Games are fun! Games that help to improve our cognitive skills, manual dexterity, physical abilities, problem-solving skills, creativity, and overall brain health work to keep us flexible in many more ways than one. In our recent discussion of mobile device applications, I didn’t include many games; but there are some great offerings.
Did you know that crossword puzzles help word finding skills, but not memory? Aerobic exercise helps to improve physical fitness and keeps the brain healthier
through increased blood flow, which does help to improve memory.
Studies have shown that aerobic fitness is associated with healthier
gray and white brain matter which helps to reduce long-term disability
in MS (Prakash, 2010).
Physical therapy (PT), often
combining strength training and flexibility, cardiovascular and
endurance exercise, as well as balance and gait training, is a mainstay
of treatment for people with multiple sclerosis and other neurological
disorders. I can attest that the benefits of PT can be significant and
long lasting, but sometimes continuing physical therapy exercise on your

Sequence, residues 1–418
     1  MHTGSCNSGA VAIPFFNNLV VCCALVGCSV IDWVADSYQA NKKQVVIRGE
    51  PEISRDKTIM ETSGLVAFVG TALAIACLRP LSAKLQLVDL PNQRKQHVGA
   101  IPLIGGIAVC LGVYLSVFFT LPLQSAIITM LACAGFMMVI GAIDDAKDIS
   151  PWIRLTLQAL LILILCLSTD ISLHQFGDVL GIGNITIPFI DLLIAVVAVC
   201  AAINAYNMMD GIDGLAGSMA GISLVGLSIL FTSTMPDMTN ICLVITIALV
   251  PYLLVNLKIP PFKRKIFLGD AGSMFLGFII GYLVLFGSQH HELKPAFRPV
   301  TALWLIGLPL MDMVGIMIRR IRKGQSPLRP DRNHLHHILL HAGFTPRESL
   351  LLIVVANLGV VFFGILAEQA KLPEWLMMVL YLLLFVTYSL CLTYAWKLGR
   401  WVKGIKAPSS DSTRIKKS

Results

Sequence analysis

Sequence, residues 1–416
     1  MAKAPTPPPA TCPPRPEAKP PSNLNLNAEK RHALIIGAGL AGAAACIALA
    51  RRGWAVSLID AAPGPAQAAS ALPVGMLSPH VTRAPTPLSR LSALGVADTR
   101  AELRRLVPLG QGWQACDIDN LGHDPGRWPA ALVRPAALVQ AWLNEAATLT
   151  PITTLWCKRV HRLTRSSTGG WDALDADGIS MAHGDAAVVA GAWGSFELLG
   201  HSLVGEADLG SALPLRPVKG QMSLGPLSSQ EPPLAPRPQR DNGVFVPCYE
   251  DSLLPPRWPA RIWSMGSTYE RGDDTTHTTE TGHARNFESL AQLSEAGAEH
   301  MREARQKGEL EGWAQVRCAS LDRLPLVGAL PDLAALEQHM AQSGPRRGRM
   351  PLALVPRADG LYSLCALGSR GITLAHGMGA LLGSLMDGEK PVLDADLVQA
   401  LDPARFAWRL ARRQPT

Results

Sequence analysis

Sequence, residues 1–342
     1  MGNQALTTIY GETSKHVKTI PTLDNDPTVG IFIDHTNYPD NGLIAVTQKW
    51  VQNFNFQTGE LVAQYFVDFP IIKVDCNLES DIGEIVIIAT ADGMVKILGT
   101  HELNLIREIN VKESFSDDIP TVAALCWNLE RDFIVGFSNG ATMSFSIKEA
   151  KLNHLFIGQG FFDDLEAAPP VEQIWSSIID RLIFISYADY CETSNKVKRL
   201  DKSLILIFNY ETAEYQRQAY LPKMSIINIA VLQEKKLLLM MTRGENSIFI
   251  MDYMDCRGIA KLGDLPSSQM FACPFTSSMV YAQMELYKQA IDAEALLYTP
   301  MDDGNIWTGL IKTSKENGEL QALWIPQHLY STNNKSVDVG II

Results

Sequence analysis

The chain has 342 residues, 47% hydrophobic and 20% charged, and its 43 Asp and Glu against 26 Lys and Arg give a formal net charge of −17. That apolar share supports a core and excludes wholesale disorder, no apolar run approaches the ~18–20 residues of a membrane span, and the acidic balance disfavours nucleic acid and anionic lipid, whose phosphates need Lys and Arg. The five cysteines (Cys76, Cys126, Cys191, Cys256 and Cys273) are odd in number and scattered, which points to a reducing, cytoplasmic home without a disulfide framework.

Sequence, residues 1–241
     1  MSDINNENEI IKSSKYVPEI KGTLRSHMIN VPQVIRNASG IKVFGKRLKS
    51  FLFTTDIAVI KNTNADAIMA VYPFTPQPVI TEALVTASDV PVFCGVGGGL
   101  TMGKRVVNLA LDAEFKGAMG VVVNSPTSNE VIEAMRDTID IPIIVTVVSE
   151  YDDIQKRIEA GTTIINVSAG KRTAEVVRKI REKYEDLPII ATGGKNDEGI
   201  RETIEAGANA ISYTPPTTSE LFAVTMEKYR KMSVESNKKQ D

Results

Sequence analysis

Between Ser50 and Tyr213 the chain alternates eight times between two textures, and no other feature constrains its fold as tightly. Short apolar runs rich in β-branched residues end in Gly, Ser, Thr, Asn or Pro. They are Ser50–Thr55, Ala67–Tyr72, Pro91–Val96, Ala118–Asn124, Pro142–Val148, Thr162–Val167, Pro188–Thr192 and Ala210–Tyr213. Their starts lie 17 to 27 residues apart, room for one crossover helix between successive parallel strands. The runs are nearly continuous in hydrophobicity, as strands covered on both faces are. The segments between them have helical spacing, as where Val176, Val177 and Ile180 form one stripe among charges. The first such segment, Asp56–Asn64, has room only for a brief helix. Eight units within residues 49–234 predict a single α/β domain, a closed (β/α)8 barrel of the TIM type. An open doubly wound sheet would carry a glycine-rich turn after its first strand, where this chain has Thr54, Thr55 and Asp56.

own can be less than exciting. As a result, compliance to exercise
programs can be difficult even when the benefits are tangible (Mostert,
Physical therapy can also improve neurological function through neuroplasticity,
or brain plasticity, that works as an adaptive mechanism to compensate
for lost functions in the event of brain injury or trauma.
Neuroplasticity, however, is not a static phenomenon; it changes as
different types of plasticity are more active or less prevalent during a
At the time I was finally diagnosed
with MS, I had lost use of my left hand, arm, and several fingers.
During four months of intense physical/occupational therapy, my
therapist guided me through very specific and targeted activities and
exercises aimed at creating new neural pathways between my hand and my
brain in order to regain lost function. She described it as creating a
detour and making the detour the permanent road for the electrical
messages. That is one form of neuroplasticity.
Read this post in its entirety:
Better Balance and Brain Connections Through Playing Video Games